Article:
Wednesday, April 11, 2012
Grapevine decides not to issue permits for Fellowship Church’s WILD series
Pastor Ed Young had wanted to incorporated elephants and other animals in the series.
Humane Society of Flower Mound representatives praised the city of Grapevine today for its decision not to issue permits to a local church wishing to exhibit dangerous wild animals as part of its services.
“We are thrilled with the city’s decision,” said HSFM President Linda Norman. “Tarrant County and the city of Grapevine ban these animals for good reason and the current ordinance is insufficient to comply with the safety requirements under the Dangerous Wild Animal Act. HSFM looks forward to working with Grapevine to enact an ordinance that protects both its citizens and the animals.” The church had indicated that the series featuring wild animals will continue for 4-5 weeks and posts on their Facebook page suggested an elephant could be included.
“Although elephants are not banned under the Dangerous Wild Animal Act, the city ordinance does ban wild animals, which elephants are. They are among the most dangerous and abused of captive wild animals,” said Stacy Smith, vice president of Animal Advocacy for HSFM and the Dallas chapter president of the Texas Humane Legislation Network.
Information obtained by the Dallas Morning News on Tuesday suggested the owner of the lion used in a recent sermon by Fellowship Church Pastor Ed Young might be Randy Miller. Humane Society of Flower Mound volunteers who attended the service reviewed video footage of Miller and verified that it appears to be the same man they saw with the lion at the service.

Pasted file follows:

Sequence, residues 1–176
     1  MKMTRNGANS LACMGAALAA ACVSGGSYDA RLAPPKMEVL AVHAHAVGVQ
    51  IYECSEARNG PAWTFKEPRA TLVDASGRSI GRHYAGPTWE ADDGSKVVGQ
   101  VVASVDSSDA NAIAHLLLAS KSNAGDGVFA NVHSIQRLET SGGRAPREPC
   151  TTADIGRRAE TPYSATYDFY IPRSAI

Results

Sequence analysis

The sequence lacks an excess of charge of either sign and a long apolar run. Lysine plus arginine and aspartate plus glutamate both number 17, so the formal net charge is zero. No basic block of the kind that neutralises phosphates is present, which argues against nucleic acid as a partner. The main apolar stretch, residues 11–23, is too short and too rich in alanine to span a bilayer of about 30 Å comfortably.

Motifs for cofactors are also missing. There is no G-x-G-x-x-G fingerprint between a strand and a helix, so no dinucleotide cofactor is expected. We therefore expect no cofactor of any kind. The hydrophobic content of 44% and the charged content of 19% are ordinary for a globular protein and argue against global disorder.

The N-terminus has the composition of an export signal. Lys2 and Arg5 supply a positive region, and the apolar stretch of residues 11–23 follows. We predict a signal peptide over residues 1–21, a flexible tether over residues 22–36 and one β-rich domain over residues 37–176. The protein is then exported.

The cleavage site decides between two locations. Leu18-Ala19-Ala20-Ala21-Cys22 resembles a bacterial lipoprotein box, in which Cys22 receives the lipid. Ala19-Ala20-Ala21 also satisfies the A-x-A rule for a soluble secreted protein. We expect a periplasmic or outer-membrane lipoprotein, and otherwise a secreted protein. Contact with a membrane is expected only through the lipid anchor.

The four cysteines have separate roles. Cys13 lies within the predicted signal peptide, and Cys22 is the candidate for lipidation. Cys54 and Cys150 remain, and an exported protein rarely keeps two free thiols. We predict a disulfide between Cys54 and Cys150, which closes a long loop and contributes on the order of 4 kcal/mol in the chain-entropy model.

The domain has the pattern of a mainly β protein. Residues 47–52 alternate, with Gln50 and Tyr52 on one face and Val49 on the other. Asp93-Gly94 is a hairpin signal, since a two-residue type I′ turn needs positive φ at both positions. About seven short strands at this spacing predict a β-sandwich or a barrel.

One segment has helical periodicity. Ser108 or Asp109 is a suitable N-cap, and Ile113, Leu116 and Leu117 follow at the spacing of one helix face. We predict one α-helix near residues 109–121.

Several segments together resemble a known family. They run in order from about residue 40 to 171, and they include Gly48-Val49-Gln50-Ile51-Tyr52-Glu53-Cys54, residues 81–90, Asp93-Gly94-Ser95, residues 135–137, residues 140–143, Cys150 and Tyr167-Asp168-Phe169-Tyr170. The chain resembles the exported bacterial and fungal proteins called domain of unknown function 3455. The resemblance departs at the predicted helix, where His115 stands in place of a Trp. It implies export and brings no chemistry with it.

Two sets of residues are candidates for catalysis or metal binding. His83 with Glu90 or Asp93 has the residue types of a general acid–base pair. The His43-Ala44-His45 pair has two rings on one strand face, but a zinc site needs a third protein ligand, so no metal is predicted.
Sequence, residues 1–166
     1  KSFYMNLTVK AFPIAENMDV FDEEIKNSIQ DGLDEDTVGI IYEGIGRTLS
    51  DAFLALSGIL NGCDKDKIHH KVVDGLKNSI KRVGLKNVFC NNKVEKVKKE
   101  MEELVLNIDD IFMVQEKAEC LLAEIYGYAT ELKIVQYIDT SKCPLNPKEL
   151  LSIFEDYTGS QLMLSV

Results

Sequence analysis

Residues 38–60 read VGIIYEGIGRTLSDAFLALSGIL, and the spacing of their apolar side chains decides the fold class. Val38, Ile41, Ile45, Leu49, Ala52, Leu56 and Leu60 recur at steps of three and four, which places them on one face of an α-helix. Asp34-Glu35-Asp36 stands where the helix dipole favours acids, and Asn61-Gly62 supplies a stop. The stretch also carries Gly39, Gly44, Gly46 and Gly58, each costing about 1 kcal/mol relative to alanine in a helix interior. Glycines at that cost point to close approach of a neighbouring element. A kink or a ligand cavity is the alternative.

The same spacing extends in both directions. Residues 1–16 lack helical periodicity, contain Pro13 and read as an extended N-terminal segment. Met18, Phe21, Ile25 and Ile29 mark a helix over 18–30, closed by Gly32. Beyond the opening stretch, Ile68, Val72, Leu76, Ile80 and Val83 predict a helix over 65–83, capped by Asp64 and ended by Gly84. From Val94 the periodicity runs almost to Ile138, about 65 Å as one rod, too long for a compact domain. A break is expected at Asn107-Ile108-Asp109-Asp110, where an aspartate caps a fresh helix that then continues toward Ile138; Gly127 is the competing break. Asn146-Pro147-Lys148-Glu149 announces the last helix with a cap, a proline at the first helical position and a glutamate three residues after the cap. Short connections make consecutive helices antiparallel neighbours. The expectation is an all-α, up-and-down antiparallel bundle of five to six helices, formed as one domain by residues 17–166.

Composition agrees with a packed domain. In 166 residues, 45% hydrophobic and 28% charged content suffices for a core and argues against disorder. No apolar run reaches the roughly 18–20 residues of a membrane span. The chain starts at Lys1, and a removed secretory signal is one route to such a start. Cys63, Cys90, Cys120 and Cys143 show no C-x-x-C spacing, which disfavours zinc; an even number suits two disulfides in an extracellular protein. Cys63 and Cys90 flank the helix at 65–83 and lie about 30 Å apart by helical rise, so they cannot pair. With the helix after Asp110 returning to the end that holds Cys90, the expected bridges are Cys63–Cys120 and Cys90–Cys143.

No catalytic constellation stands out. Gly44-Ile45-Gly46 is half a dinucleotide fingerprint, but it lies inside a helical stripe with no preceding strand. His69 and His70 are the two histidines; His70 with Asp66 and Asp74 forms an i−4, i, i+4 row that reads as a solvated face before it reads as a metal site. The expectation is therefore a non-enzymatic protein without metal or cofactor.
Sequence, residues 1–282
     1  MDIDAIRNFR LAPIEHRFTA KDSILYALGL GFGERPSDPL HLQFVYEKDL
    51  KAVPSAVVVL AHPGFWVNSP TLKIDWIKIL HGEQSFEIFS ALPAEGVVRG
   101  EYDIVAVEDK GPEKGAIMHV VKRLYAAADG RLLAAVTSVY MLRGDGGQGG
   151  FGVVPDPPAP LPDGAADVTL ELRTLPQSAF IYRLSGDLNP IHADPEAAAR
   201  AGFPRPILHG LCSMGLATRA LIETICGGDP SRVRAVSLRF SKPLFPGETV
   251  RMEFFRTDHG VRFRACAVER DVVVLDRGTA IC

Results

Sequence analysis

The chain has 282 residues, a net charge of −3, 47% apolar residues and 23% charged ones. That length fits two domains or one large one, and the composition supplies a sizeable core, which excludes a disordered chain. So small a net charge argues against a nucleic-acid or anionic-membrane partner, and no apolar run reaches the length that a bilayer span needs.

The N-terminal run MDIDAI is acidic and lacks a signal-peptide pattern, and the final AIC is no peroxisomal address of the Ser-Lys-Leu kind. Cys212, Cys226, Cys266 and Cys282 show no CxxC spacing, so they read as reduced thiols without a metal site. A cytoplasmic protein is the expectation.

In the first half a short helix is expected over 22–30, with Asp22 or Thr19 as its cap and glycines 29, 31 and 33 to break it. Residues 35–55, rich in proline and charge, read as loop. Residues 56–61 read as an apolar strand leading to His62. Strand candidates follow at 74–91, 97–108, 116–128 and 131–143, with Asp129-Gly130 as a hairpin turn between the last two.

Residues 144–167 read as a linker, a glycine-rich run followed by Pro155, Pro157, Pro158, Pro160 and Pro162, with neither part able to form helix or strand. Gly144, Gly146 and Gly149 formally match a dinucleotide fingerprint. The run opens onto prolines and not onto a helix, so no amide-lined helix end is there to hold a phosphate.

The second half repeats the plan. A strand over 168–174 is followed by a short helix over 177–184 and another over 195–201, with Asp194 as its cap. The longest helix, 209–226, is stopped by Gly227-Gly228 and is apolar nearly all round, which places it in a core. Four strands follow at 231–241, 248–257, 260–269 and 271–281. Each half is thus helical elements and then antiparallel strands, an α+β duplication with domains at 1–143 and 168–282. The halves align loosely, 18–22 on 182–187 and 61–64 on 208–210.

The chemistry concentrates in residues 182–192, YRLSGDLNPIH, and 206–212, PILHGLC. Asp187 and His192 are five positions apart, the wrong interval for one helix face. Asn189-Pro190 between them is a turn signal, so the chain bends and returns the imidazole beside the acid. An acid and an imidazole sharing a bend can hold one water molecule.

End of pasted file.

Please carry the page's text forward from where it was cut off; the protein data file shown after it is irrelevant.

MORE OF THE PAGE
Video obtained through an internet search also shows Miller performing a similar act at another church. Records obtained from Humane Society of the United States regarding the conditions at Miller’s 55-acre California ranch showed small enclosures and not the life of luxury portrayed by Fellowship Church in its statements.
Miller is a well-known animal trainer who has worked on the set of many movies and other events. In 2008, his cousin Stephan Miller, also an experienced wild animal trainer, was killed by a bear he was working with on Miller’s property in California. In 1997, one of Miller’s lions escaped and was seen by neighbors walking down a city street. “These incidents demonstrate all too clearly the dangerous nature of these animals, even in the most experienced hands and controlled circumstances -- much less at a public event where the animal is within a few feet of the audience,” Norman said.
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